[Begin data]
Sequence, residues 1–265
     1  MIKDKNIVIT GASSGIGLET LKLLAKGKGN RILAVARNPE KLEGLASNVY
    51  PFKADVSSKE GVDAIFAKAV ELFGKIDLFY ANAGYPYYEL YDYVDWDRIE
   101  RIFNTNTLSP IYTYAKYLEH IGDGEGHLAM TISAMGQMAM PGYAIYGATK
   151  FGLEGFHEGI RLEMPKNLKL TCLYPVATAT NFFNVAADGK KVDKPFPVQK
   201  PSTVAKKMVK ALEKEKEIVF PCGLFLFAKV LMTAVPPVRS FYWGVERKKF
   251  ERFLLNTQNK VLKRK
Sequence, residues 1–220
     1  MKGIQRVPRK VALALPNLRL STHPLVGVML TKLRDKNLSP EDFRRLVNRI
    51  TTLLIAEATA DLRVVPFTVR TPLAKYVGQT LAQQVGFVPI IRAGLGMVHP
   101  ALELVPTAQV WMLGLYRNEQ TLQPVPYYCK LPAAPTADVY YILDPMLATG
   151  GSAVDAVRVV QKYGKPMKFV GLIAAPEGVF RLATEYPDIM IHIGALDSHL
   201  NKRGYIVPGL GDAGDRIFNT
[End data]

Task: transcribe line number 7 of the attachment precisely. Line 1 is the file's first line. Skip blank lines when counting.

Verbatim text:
   251  ERFLLNTQNK VLKRK